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CASTLE ROCK, Colo. — It is one of the most dangerous jobs in the world. There is simply no way around it.

From sudden cardiac events, to burning buildings filled with fire and smoke, dozens of firefighters pass away on the job every year.

But new studies are revealing a concerning trend among our nation’s heroes: skyrocketing cancer rates.

It was February 2, 2017 when South Metro Firefighter Tony Palato went in for a routine colonoscopy.

“The doctor came to our room and was ghost white,” says Palato. “And he said ‘this is really bad.'”

Doctors had discovered a 10 centimeter tumor inside Palato’s colon. “He said there’s a really big tumor, and I looked at my wife and said ‘I’m going to die,'” recounts Palato.

It’s a story that’s becoming more common among American firefighters, as years of exposure to modern building materials begin to catch up.

Today’s homes are filled with plastics and asbestos, which produce dangerous carcinogens and toxins when burned. The dramatic impact of these toxins has only recently been discovered.

“When I went through the academy, we would burn anything and everything,” says South Metro Batallion Chief Mike Mullane. “A sofa, tires, roof shingles, we’d even pull a car into the burn building. We were just exposing ourselves to all of those synthetics.”

6 years ago, Mullane was diagnosed with basal cell carcinoma, a form of skin cancer. “Most of mine are around my face and neck area, and that’s where our hood is,” he says.

In total, nine South Metro Firefighters are currently fighting some form of cancer.

“To realize that this was related to the job that we’re doing, and this is a reality for any of us, it’s tough,” he says.

In addition to breathing those toxins in while on calls, scientists are learning more about the impacts of those carcinogens on skin.

Mullane says firefighters used to wear dirty gear back to the station, to show peers they had received some action. “It was a badge of honor to have dirty, sooty gear,” he says.  “That’s how you showed people you had experience, and that you knew what you were doing.”

Scientists now believe those actions are a contributing factor to an increase in cancer diagnoses among firefighters, and an increase in deaths.

According to the International Association of Fire Fighters, nearly two out of every three firefighters who died in the line of duty since 2002 died of some form of cancer. According to OSHA, firefighters are 9% more likely than the average person to get cancer, and 14% more likely to die from it.

4 Aurora Firefighters, 12 Denver Firefighters, 14 West Metro Firefighters, and 7 North Metro Firefighters are also fighting cancer.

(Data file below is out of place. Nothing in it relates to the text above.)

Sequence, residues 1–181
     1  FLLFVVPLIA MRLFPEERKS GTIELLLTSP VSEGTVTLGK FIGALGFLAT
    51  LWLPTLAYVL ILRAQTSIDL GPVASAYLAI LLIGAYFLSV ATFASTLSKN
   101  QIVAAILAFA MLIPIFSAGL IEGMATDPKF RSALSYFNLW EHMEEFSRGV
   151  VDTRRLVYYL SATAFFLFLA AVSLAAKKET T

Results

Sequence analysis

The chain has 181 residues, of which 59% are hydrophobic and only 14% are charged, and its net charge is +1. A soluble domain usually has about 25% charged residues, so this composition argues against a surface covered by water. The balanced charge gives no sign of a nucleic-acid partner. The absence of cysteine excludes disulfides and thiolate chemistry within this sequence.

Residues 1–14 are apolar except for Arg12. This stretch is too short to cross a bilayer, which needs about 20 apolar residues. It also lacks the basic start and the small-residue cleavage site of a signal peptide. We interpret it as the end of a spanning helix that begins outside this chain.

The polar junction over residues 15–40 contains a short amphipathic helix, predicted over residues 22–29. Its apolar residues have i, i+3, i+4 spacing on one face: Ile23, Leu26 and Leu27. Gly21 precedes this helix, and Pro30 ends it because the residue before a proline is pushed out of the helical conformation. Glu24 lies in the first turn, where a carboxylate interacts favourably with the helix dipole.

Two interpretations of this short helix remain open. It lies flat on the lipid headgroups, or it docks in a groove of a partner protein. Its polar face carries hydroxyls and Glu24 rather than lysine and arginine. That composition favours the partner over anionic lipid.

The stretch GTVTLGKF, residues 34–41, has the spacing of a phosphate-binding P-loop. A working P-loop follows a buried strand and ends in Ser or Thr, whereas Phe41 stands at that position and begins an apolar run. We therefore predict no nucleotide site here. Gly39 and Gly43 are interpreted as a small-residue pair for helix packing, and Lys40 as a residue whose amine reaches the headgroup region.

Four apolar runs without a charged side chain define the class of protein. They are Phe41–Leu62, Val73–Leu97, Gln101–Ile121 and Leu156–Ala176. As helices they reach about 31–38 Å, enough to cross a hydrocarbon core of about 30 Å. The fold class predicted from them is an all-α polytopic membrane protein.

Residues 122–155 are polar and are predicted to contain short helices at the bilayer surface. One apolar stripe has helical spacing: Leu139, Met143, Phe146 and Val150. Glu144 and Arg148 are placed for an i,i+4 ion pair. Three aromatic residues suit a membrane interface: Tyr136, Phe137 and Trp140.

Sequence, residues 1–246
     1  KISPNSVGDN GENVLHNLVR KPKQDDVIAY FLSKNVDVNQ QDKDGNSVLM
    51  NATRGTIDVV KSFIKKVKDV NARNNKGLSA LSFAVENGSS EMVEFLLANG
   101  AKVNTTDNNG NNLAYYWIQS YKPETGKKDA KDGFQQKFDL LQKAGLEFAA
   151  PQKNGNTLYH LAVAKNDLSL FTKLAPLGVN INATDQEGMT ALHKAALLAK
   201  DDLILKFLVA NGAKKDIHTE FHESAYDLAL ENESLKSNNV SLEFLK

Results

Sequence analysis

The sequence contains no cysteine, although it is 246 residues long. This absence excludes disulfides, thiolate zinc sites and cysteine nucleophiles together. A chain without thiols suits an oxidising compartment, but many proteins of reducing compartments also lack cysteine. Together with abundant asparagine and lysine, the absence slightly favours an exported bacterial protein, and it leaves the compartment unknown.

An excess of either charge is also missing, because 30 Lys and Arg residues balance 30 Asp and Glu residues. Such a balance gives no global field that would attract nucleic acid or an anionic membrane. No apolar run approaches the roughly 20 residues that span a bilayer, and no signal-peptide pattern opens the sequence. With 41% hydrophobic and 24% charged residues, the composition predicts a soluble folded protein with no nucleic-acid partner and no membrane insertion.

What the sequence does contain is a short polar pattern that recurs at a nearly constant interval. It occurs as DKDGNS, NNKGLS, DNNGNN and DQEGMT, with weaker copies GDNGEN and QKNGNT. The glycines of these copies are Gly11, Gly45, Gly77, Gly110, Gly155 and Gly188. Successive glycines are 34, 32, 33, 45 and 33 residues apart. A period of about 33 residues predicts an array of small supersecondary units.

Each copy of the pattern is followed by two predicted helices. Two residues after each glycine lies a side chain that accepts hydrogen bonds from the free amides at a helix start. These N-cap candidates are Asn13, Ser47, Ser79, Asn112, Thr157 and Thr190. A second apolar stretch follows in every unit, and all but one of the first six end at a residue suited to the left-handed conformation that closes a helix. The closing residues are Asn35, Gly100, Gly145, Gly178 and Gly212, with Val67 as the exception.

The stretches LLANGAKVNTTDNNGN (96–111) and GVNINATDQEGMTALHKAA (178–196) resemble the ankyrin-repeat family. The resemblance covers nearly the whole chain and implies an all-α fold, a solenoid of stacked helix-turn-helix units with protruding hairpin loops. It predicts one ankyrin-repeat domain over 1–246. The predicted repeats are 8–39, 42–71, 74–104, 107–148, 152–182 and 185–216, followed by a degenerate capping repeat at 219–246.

Memorial wall

Outside South Metro’s headquarters, a memorial wall lists the names of firefighters who passed away in the line of duty.

The most recent addition is Mike Freeman, who passed away following a cancer diagnoses in 2018.

“I was at home and I received a call from his best friend, and he told me my dad had been admitted to the hospital,” says Mike’s daughter Aimee Dunn. “He had been admitted for confusion, and I thought wow, that really doesn’t sound like my dad.”

Doctors found a tumor wrapping around his frontal lobe. “They took an MRI and said things are looking really bad here,” says Dunn.

Freeman passed away less than 2 months later. Doctors believe his cancer was a direct result from his 43-year career as a firefighter.

“My 3 year old plays with a fire truck, and he says I want to be a firefighter,” she says. “and the first thing that comes to my mind is how can I protect you?”

What’s being done

South Metro has taken a proactive stance in turning those statistics around, pumping thousands of dollars into cancer prevention. Every firefighter now carries two sets of bunker gear. That gear is immediately hosed off following any contact with fire or smoke, and stored in a separate compartment of the fire engine.

“It’s just a big deal to keep all of those toxins and carcinogens off your gear,” says Mullane.

During training, firefighters now burn wood, grass, and other natural materials, instead of plastics and toxic materials.

“In my fire academy, I never washed my bunker gear,” says South Metro Captain Brad Lingle. “That’s a mandated thing now.”

Lingle has been diagnosed with 12 separate instances of basal cell carcinoma, the majority around the unprotected area of his head, face, and neck.

“Some of us have a course of action that’s already set, and while it may be too late for some of us, we’re absolutely doing this for the future generations.”

South Metro also has a full wellness program, which helps firefighters like Palato get back in shape for work.

Palato is now in remission, and decided to continue working the front lines. “I did everything I could to get back here to be a part of this,” he says. “I live for today now. I used to be a worrier, but this put a lot of perspective in my life.”